Environment News

The environment desk at Aspen Public Radio covers all things environment in the Roaring Fork Valley and throughout the state of Colorado. Issues include, but are not limited to, water use and quality, impact of recreation, population growth and oil and gas development.  APR’s environment reporter Elizabeth Stewart-Severy heads the desk.

Courtesy of Pitkin County Open Space and Trails

Mountain bikers and hikers will see some changes at Prince Creek this summer, and the public can give input this week.

Courtesy of Olivia Oksenhorn

State funds will soon be available for schools to test for lead contamination in water, and local districts are on board.

Courtesy of Colorado River District

The Colorado River District is concerned about low water levels at Lake Powell and is starting the second year of studies meant to keep water in the reservoir.

The Citizens Climate Lobby is an advocacy group that works to change national policies around climate change. Ruthie Brown is a co-founder and co-chair of the Aspen chapter of the lobbying group, which works primarily with Republican lawmakers. Elizabeth Stewart-Severy sat down with Brown to discuss how the local chapter has been working to influence national policy.

http://gardner.house.gov/

The U.S. Senate is scheduled to consider repealing an Obama-era regulation on methane emissions Wednesday. Colorado Sen. Cory Gardner is reportedly still undecided.

courtesy of twitter.com/TownofSnowmass

Snowmass Village council has identified environmental sustainability as a top priority for the town, and council members will hear about progress Monday.

Elizabeth Stewart-Severy/Aspen Public Radio News

Low flows in the Roaring Fork have state and local officials concerned about the health of the river, but city officials have some creative ideas for fixes. Environment reporter Elizabeth Stewart-Severy has been following the issue and spoke with Christin Kay about it.

Elizabeth Stewart-Severy/Aspen Public Radio News

Pandora’s is not unknown terrain to many local skiers, but it does take a hike to get there. But maybe not for too much longer.

Elizabeth Stewart-Severy/Aspen Public Radio News

Activists across the country marked President Trump’s 100th day in office with marches to protest the administration’s stance on climate change, but the oil and gas industry is applauding Trump’s actions to cut back environmental regulations.

A new seven-month challenge aimed at keeping drivers off the road during construction of the Grand Avenue Bridge launched Monday.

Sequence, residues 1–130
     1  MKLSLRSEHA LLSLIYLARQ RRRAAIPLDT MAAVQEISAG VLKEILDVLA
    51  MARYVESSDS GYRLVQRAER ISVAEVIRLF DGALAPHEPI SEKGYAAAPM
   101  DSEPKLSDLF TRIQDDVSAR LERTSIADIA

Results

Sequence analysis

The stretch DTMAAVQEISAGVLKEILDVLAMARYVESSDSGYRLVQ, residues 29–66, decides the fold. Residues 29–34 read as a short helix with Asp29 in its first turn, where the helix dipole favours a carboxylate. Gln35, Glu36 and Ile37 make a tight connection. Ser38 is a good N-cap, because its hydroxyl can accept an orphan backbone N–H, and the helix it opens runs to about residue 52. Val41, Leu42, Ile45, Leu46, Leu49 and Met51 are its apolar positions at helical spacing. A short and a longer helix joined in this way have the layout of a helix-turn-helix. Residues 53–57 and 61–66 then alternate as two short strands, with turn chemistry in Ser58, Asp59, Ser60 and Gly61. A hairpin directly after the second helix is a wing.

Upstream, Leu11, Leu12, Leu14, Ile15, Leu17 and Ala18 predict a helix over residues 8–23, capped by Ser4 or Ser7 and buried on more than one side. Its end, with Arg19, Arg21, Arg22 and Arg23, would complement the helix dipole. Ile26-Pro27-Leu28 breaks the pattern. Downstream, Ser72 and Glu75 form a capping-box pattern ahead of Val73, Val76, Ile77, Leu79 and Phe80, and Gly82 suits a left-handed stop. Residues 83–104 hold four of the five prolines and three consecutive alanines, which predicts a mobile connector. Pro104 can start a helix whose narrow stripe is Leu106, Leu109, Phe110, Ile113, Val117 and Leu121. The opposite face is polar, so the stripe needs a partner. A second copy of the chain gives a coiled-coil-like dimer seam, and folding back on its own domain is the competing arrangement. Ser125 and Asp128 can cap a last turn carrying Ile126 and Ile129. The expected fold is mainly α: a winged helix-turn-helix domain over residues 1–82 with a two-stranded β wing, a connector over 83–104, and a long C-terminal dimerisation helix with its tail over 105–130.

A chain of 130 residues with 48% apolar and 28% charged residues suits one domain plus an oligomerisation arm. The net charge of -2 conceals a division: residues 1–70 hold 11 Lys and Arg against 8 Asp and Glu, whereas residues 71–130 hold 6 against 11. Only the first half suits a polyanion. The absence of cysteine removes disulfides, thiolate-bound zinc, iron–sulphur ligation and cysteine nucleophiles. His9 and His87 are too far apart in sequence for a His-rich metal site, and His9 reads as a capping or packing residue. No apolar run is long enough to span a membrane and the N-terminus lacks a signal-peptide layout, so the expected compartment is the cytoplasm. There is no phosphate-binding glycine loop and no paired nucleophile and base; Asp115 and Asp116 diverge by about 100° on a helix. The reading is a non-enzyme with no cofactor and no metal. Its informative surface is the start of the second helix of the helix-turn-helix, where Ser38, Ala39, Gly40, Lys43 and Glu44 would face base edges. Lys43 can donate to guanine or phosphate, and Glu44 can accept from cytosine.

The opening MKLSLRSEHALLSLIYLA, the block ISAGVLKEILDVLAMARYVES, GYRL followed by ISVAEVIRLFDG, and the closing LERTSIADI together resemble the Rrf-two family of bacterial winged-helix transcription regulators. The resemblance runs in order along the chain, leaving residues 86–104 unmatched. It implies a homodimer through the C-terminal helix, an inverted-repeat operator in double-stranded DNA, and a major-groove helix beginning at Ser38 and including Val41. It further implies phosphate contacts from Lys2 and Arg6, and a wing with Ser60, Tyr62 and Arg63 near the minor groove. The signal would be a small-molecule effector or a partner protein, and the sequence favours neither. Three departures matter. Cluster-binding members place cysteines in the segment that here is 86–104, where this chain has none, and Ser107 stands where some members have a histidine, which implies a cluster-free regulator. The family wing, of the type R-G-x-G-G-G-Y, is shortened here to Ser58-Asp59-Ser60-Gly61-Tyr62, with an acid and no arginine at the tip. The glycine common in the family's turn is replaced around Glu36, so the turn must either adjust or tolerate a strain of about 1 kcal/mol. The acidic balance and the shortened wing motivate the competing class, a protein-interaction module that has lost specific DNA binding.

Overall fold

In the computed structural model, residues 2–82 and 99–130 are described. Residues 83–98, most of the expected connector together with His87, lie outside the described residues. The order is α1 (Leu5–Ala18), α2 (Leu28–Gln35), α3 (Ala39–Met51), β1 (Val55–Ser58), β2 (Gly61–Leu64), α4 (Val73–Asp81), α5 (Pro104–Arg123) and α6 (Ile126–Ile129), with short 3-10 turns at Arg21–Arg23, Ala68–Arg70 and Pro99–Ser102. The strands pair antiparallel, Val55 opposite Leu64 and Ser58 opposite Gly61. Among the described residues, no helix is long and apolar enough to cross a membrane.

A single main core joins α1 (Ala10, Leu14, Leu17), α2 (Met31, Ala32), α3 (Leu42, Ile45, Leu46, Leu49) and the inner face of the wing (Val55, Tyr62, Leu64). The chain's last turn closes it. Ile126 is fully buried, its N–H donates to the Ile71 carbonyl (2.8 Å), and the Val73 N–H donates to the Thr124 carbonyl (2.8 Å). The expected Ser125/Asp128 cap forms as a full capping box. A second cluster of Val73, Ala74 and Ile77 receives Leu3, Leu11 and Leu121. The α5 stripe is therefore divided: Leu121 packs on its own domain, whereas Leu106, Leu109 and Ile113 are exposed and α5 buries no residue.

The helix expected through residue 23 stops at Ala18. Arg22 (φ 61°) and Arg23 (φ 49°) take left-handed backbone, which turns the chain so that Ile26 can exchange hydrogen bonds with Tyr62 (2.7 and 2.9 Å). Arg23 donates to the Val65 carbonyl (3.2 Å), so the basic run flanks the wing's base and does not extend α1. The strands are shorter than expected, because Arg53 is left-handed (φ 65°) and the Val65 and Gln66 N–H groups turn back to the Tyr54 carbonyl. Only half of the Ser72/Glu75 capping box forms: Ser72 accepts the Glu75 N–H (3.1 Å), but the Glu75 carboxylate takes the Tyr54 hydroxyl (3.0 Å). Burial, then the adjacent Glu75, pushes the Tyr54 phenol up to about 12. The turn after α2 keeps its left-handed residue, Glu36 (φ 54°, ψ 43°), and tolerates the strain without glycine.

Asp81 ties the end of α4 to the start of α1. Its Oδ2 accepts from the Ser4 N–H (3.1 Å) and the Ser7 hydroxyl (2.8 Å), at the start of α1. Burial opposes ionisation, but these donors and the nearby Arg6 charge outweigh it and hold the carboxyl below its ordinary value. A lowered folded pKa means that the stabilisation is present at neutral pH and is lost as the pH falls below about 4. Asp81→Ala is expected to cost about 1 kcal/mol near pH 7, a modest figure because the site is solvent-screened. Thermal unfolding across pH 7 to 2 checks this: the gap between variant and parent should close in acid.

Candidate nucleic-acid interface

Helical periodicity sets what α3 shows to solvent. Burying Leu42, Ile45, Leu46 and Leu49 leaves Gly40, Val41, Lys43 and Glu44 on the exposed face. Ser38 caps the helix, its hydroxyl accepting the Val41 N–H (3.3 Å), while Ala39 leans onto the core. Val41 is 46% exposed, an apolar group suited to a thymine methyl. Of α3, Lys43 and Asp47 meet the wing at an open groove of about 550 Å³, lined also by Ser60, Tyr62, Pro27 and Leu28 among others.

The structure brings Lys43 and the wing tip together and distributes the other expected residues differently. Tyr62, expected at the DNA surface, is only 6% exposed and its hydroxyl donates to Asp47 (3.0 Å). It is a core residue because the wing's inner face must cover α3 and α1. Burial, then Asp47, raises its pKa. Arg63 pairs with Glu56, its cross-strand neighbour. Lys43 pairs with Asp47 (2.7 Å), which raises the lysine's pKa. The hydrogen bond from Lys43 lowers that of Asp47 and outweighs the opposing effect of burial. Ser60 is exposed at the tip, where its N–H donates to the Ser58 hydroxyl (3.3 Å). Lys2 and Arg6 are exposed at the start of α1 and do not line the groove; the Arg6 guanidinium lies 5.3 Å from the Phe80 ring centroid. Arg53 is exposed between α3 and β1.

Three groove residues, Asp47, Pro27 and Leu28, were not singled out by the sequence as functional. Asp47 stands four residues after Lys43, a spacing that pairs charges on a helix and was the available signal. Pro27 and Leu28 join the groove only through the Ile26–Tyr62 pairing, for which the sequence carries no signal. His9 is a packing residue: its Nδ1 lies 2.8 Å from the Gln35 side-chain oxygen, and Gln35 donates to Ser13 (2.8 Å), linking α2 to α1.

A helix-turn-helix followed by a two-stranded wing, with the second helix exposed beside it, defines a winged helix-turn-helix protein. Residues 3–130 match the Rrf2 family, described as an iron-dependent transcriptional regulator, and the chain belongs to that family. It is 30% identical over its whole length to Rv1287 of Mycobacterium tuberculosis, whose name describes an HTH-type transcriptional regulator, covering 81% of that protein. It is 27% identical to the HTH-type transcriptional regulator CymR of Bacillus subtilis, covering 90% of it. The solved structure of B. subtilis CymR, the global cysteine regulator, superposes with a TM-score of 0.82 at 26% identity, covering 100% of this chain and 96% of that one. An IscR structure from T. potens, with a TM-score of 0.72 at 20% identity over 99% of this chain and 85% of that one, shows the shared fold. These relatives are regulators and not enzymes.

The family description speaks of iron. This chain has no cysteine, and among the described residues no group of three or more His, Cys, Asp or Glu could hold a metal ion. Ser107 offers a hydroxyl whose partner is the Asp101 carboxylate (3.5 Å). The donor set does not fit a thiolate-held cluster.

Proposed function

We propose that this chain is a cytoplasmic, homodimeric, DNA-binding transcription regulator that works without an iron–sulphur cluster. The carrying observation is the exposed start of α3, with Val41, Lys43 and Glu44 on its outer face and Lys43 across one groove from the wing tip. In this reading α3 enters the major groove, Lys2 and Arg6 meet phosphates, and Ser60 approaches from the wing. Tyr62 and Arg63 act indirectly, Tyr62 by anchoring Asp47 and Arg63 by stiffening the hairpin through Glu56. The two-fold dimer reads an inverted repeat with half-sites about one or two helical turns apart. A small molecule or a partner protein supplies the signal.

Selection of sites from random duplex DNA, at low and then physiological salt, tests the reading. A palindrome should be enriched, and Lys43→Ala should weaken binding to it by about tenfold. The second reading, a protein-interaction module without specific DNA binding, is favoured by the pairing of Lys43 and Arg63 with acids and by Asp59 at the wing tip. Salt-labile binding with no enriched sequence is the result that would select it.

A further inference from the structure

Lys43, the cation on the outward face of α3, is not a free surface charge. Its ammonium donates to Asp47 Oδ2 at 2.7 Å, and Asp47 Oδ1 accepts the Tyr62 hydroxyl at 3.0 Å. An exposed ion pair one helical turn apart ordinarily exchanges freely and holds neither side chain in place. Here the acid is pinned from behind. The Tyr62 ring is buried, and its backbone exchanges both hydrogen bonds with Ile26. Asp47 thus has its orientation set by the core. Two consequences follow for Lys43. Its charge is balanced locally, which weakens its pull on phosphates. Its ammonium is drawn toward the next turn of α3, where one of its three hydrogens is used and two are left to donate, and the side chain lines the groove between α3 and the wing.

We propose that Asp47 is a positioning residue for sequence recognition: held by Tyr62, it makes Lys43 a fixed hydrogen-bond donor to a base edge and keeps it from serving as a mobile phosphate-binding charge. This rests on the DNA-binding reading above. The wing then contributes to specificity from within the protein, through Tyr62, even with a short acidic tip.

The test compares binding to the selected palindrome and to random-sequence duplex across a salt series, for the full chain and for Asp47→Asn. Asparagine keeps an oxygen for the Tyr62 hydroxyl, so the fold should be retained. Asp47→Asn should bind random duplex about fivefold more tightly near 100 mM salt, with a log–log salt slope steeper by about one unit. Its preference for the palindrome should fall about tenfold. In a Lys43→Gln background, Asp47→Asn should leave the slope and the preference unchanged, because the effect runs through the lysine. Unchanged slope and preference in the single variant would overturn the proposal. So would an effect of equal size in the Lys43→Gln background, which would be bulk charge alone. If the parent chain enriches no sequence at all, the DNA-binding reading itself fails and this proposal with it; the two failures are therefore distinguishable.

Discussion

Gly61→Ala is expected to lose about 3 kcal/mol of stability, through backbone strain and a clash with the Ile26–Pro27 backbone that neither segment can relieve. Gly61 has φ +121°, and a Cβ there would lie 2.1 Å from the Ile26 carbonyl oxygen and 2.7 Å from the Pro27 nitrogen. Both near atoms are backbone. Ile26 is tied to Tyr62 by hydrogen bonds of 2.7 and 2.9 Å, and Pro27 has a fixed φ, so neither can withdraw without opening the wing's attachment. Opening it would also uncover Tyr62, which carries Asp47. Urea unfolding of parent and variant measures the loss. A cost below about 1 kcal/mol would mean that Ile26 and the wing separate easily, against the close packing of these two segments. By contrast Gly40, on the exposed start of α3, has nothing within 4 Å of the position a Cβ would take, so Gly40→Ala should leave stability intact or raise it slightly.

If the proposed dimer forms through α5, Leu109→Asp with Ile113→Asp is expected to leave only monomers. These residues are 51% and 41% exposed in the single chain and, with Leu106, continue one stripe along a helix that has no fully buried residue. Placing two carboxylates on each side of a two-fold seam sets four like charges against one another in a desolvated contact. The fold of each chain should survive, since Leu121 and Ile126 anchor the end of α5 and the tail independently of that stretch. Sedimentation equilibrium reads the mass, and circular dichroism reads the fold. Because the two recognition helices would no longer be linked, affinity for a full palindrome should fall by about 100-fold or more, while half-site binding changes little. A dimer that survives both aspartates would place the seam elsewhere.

Elizabeth Stewart-Severy/Aspen Public Radio News

The Roaring Fork River running through Aspen is not as healthy as the city or the state think it should be, and now is the time for action.  

Courtesy of Pitkin County Open Space and Trails

Pitkin County’s Healthy Rivers Board handed out thousands of dollars in grants Thursday, including one project that has high schoolers keeping a 24-hour watch on wildlife.

Elizabeth Stewart-Severy/Aspen Public Radio News

It’s mid-April, with mild temperatures and sunshine on the snow-capped peaks above Avalanche Creek. The grasses and shrubs along the valley floor are still golden brown, inching toward green. It won’t rain today but there’s a front moving in tomorrow, and it’s windy. All of this means the variables are coming together for fire.

Elizabeth Stewart-Severy/Aspen Public Radio News

Garfield County commissioners voted Monday to rezone part of a residential neighborhood in Battlement Mesa to allow for an injection well.

Elizabeth Stewart-Severy/Aspen Public Radio News

City of Aspen voters will elect a mayor and two council seats next month. Some locals are pushing for new blood on council, largely because of the current council’s vote to hold on to water rights to build dams on Castle and Maroon creeks. Elizabeth Stewart-Severy has been following the issue and is here to give us an update.

courtesy photo

The Carbondale Board of Trustees is scheduled to review a draft Climate Action Plan tomorrow night.

Elizabeth Stewart-Severy/Aspen Public Radio News

As the weather heats up, local energy organizations and utilities are offering residents opportunities to make their homes more efficient.

Courtesy of U.S. Forest Service

Summer in Snowmass means biking, hiking, sightseeing and soon a climbing wall, zipline and an alpine coaster. The U.S. Forest Service gave initial approval last month for a suite of recreational activities on the Elk Camp side of the ski area. Elizabeth Stewart-Severy spoke with Forest Service mountain sports manager Roger Poirier about the plans.

 

Courtesy of Wilderness Workshop

Local environmental group Wilderness Workshop hosted an event with the legal non-profit Earthjustice last week. The panel discussion was titled “Resistance: in the courts and on the ground.” Elizabeth Stewart-Severy was there and spoke with producer Christin Kay about the event.

courtesy of Wikimedia Commons

Boaters headed to Ruedi Reservoir will find new gates at the boat ramp, restricting access to only times when officials can screen for two destructive species of mussels. In years past, officials have been running boat inspections five days a week; that’s been increased to seven days a week, from dawn to dusk this summer.

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